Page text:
Robert Moore, a man who understands a considerable amount about the symbols that undergird the way we think, recently commented that the mythic task for our age is that of doing some mythical celestial marital therapy. Put into simpler terms this means that we must imagine how in the world of fairy-tales, in that other world of magic and enchantment, the great King and the great Queen can be at peace with each other.

That is, to my mind, also the great theological (not to mention psychological) task for our time: We must reconcile the male and female aspects of God.

We must see and feel God not only as a great King but also as a great Queen. Beyond even that, and this is Moore’s real point, we must imagine a picture wherein the masculinity within God empowers the femininity there in such a way that the feminine can fully be itself. Conversely, we must imagine how the femininity within God can empower the masculinity there so that the masculine can be fully expressive. That is no easy task – either in imagining God or in imagining human relationships between men and women.

We have, to my mind, no strong model here, that is, no real imaginative picture of how the masculine and the feminine can truly mutually empower each other – despite the claims of some recent feminist theologies that their conception does this. We are far from even a minimally adequate picture of this at the present time.

Theologically, our difficulties begin with the fact that we cannot imagine God (nor, indeed, do we dare to!) as married. The conception of God in all the great world religions never presents us with a married God. Yahweh does not have a wife, nor does the ultimate divine reality within Hinduism, Buddhism, or Taoism. It is not that God is conceived of in these religions as only masculine. In all of them, God is either seen as both male and female, at least in their deepest understanding of God, or God is conceived of as beyond gender. The problem is not that the female is absent, but that, for the most part, within Christianity, Judaism, and Islam (the religions who believe in Yahweh), the female aspect is not integrated imaginatively into the Godhead. In the end, in the imagination, if not in theology, we have a masculine God, a celibate, who has a feminine side to him.

In Roman Catholicism, classically we compensated for this by putting a lot of the feminine side of God into the Blessed Virgin Mary. She was seen as the mother of God – not God’s equal or wife theologically, but more or less his wife imaginatively. This had its good points, though, in the end, it left God basically masculine and, as the critique of feminism has made clear, a better balance needs to be brought about.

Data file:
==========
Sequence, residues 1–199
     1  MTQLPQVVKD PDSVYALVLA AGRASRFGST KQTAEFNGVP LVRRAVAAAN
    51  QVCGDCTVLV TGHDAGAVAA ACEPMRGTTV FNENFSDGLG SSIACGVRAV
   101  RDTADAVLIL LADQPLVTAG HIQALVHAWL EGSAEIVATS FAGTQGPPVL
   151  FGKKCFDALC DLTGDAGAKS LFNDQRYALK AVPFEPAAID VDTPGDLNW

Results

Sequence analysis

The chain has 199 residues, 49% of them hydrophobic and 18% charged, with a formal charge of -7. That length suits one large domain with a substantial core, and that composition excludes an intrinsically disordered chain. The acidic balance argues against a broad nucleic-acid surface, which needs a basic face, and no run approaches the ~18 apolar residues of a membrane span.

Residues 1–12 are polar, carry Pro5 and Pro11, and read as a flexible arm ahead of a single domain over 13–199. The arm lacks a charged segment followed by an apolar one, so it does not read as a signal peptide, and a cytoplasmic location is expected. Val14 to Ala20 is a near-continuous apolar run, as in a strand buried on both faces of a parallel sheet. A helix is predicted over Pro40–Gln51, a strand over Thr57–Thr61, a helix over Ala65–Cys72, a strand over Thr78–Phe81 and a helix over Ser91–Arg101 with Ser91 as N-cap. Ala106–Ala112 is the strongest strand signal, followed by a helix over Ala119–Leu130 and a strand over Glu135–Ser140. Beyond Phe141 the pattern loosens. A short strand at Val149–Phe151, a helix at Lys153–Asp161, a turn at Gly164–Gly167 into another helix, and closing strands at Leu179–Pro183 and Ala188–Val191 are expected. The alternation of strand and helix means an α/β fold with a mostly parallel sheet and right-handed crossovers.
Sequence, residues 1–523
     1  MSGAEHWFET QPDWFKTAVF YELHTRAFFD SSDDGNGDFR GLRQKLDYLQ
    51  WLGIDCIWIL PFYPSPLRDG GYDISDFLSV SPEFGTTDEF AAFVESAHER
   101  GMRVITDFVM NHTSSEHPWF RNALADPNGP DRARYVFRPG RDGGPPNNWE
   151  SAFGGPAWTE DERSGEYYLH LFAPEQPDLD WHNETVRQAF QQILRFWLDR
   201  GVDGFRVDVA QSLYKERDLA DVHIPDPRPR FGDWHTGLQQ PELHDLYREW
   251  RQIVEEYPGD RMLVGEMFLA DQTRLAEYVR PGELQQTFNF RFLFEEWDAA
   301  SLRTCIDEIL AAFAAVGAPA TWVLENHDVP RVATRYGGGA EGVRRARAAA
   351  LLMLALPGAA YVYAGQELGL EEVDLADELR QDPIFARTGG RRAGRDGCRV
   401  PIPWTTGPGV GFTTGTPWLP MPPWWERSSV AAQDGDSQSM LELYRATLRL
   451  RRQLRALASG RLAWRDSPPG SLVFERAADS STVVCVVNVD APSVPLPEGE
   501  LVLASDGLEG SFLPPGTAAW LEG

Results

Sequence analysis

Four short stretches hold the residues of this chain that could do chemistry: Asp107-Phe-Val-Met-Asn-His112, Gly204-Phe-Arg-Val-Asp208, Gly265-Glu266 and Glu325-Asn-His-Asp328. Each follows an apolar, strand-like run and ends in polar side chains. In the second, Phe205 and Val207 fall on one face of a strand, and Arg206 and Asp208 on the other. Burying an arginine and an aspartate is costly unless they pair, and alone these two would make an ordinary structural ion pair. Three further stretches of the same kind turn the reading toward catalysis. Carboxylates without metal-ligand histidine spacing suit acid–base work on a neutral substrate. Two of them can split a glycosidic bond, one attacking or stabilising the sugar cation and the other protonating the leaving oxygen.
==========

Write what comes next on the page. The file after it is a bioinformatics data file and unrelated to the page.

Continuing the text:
More recent theology has attempted to bring about this balance by imagining the Holy Spirit as feminine. This, however, as many theologians have pointed out, perhaps creates more problems than it solves. Among other things, it leaves the Creator masculine. 

So where are we at right now? A long ways from where we would need to be. Our theologies of the past, for all their strengths and goodness, are, on this point, lacking balance. The present theologies of feminism are, for all their strengths, on this point, too simplistic. They too are in want of new imagination. In both the old and the new – in the classical theology of God in Western Christianity and in the proposals of radical feminism – there still is no adequate picture of how masculinity and femininity can work together to truly empower each other. This is doubly true vis-a-vis how we understand the relationship of masculinity and femininity within the same God. For the most part, on this point, our imaginations are pumping dry.

But we are making progress. We are understanding what’s at stake here, namely, how important it is to make peace between the King and the Queen. We are also understanding how difficult is that task … how difficult it is to bring together masculinity and femininity in human relationships and in God so that one is not threatened by the other, so that one does not need the other to be subservient so that it can act, so that one is not merely a satellite in the orbit of the other, so that both recognize that they exist to empower the other, and so that each feel itself as real only through the other.

Moore’s right. We need mythical celestial marital therapy!